The French Men’s National Team announced their arrival
as one of the best teams in the world when they finished second to Brazil in
the 2006 FIVB World League Finals in Moscow.
The French, who
finished fifth in the first-ever World League in 1990, negociated a tricky
passage through to the Finals, playing in Russia, China and Italy.
By the end of August, it was mission accomplished. Head Coach Philippe Blain’s Men had booked themselves
a place in Moscow after winning Pool matches against the Russians, Italians and
Chinese, home and away.
In the Final, France lost in five sets to Brazil, but
it was still their crowning glory so far in the world of Volleyball, and set
them up nicely for the 2006 FIVB World Championship in Japan.
France had won the
bronze medal at the 2002 FIVB World Championship in Buenos Aires, their first
appearance in the tournament in 12 years moving them from 10th to fifth in the
FIVB world rankings, and after their silver medal at the 2003 European Championship
and the impressive World League performance three years later they had every
right to be in a confident mood.
The 2006 World
Championships started very well for the French when they beat Brazil, which
would prove to be the only defeat of the event for the eventual winners.
Unfortunately, the young French team did not
capitalize on the Brazil result and a few days later lost to Germany, which
negated all the benefits of the Brazil win.
During the second phase, France lost to Bulgaria in an
incredible game, killing off any lingering hopes of French glory and they
finally finished sixth after losing to Italy in a Playoff.
In the 2007 World
League Preliminary Round, the French were up against Japan, Italy and USA. Victims of the Americans, the French missed out on
first place in their Pool. Blain and his players were given a lifeline, though,
with a wild card for the final phase in Katowice, Poland. But after losing a five-set match against Poland, the
French team are on their way home.
The French had to quickly
pick themselves up in November 2007 for the European Championship in Saint
Petersburg and Moscow. Bad news struck, though, when Blain lost three of his
major players. Frantz Granvorka and Oliver Kieffer were injured just before
leaving France, and Pierre Pujol was ruled out of the rest of the tournament
after injuring his ankle in the first set of the first game against Slovakia.
Even so, France
started well with two victories versus Slovakia and Slovenia before losing to
Spain. But in this second phase, the French lost against Serbia, Netherlands
and Germany to finish ninth.
In 2008, France
missed the main goal of the last years: participation to the Olympic Games.
After this terrible disappointment, Philippe Blain squad did not make a success
of the world League on 2008. Third of its group in front of Brazil and of
Serbia, France will end on the 10th place.
In 2009, the French
had the opportunity to reach the Final Six in the World League. Serbia, host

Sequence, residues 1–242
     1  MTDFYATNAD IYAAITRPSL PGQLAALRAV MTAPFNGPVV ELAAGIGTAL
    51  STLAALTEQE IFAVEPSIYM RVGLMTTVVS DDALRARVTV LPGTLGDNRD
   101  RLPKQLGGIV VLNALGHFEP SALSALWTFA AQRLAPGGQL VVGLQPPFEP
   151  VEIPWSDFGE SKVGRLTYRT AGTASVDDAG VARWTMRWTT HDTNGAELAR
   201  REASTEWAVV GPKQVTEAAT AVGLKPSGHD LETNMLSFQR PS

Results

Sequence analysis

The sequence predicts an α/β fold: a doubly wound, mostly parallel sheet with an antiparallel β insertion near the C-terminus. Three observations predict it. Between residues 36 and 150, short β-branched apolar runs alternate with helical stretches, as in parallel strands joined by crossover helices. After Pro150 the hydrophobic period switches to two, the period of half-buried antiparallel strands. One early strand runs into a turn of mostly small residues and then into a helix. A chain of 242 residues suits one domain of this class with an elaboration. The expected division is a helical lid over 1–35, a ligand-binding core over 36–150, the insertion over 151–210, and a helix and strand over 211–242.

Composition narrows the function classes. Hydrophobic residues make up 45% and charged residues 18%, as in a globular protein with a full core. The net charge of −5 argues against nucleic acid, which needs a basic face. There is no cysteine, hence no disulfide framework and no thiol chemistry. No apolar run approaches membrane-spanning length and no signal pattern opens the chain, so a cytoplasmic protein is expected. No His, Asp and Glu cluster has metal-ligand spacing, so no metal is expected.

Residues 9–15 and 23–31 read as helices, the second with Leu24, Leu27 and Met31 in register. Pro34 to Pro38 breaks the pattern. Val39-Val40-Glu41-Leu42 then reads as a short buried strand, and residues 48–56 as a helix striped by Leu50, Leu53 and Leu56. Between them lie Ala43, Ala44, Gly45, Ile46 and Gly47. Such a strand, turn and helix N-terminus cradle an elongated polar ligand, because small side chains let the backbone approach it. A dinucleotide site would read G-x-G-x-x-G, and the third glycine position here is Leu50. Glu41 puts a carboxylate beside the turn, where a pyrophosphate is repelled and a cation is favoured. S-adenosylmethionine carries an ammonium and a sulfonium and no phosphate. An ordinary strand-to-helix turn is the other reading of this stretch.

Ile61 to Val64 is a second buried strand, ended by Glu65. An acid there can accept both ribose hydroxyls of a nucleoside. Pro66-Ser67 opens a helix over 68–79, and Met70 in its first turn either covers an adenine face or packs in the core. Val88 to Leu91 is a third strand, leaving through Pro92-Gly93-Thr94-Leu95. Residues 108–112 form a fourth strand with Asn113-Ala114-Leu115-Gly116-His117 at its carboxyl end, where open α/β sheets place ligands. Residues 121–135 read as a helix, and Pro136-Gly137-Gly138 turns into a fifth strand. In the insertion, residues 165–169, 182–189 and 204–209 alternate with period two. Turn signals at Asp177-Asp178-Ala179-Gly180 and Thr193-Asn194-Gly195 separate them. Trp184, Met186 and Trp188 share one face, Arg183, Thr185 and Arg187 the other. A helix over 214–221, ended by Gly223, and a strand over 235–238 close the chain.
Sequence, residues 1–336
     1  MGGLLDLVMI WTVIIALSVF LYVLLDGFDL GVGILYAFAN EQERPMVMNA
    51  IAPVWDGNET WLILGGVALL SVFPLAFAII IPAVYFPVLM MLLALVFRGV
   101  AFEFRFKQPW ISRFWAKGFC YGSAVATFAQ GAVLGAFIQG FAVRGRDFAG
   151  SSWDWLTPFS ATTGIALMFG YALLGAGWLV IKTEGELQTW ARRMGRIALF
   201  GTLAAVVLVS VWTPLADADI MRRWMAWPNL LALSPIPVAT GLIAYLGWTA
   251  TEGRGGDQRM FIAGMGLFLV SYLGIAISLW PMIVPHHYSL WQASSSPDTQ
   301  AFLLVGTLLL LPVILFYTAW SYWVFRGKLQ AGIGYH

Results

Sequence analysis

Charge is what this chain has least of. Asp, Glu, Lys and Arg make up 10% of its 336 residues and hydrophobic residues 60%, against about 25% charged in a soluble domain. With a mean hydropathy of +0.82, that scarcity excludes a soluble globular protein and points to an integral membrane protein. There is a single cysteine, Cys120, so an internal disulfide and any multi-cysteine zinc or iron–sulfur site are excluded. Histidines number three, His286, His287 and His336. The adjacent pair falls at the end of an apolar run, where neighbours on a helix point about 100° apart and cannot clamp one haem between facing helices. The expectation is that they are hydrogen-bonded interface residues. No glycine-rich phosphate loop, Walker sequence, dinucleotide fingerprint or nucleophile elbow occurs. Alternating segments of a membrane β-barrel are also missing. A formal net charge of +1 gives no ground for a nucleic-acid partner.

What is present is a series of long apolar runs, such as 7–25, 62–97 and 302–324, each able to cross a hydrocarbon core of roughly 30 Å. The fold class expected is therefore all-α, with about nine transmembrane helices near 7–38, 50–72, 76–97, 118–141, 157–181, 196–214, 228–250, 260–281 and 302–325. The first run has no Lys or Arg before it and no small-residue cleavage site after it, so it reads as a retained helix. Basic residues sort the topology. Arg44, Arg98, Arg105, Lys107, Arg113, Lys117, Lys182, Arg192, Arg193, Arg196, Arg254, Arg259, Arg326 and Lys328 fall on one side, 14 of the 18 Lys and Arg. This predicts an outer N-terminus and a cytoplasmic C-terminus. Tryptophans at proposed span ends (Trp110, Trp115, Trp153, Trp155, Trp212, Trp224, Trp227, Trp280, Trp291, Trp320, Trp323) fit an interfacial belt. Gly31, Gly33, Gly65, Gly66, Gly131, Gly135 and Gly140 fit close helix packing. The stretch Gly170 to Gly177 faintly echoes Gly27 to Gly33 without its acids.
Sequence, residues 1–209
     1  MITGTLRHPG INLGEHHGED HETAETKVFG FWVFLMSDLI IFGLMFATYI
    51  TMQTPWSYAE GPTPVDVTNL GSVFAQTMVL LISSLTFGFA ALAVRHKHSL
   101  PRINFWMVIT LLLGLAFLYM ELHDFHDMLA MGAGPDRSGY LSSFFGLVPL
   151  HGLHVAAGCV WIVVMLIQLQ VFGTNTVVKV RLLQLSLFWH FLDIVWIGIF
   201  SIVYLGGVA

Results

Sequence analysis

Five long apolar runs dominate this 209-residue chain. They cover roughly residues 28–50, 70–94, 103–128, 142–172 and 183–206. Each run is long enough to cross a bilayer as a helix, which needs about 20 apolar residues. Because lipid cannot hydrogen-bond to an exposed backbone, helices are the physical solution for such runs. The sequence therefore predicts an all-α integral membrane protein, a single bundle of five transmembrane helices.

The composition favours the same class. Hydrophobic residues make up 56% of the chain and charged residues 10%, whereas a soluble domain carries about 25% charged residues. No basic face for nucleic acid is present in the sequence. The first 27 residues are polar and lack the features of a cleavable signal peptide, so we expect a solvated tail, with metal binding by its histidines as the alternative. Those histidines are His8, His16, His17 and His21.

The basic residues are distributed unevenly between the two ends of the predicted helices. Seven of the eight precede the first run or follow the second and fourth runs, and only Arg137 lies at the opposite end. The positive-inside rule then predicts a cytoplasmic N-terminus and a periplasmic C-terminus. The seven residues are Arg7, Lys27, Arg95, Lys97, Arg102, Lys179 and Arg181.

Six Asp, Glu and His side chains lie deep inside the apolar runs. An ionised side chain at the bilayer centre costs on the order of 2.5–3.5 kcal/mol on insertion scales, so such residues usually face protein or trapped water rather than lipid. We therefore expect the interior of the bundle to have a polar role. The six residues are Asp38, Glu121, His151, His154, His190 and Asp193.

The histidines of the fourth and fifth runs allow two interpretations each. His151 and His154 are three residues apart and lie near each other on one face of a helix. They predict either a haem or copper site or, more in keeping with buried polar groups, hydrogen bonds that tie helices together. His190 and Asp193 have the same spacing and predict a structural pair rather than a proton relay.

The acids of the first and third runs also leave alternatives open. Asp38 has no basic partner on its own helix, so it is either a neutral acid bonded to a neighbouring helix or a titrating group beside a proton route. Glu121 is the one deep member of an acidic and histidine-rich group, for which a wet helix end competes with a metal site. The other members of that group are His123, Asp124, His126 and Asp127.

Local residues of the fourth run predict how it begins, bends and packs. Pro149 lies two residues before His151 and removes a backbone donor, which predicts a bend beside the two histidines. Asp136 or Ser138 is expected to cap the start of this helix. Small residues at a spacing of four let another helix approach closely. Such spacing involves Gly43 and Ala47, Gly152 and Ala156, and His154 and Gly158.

country for the final, was qualified but France failed to take the second
ticket on the last game in Argentina. In the middle of the summer, France
booked the qualification for World Championships in Poland after beating
Slovakia and Slovenia. Bad news: Pierre Pujol, the setter, was injured for 3 months
and Loïc Le Marrec decided to retire from international team.
In Turkey, for the
European championships, French squad was not attempted for the final round. Two
new setters completed the team and Yannick Bazin started to lead the games with
success: step by step France reached the Main Round and the Final round after
beating the European holder, Spain. In semi-final, France was leading 2-0
against Russia and was close to lose after 2-2 and 9-13. But Philippe Blain
players came back and Guillaume Samica, with a last ace, concluded the match
In the final, Poland beat France (3-1) to conquer the
European title. Antonin
Rouzier (best scorer), Hubert Henno and Stéphane Antiga were elected in the all
star team. France, six years after, clinched the silver medal in the European
In 2010, France played the FIVB World League (with Serbia, China and Italia)
but didn’t reach the final round. After a very good start in the World
championships 2010 in Italy, French team missed to enter the last four and had
to play the ranking matches. France finished at the 11th place.
During the winter, three top players decided to retire form the national team:
Hubert Henno, Libero, Stéphane Antiga and captain Oliver Kieffer.
In 2011, French squad took the 7th place at
the European Championship hold in Austria and Czech Republic. In Tourcoing
(France), French failed to qualify for the European Tournament Qualifying for
OG: they lost in semi-final vs Belgium. Last chance for French squad will be
the one of the last three tournaments for London in Germany or Italy, from 8th
to 10th June.
With Italy, Usa and Korea Republic, the Blues will try
to perform in the FIVB World League 2012, to prepare qualification for the
Olympic games in London 2012.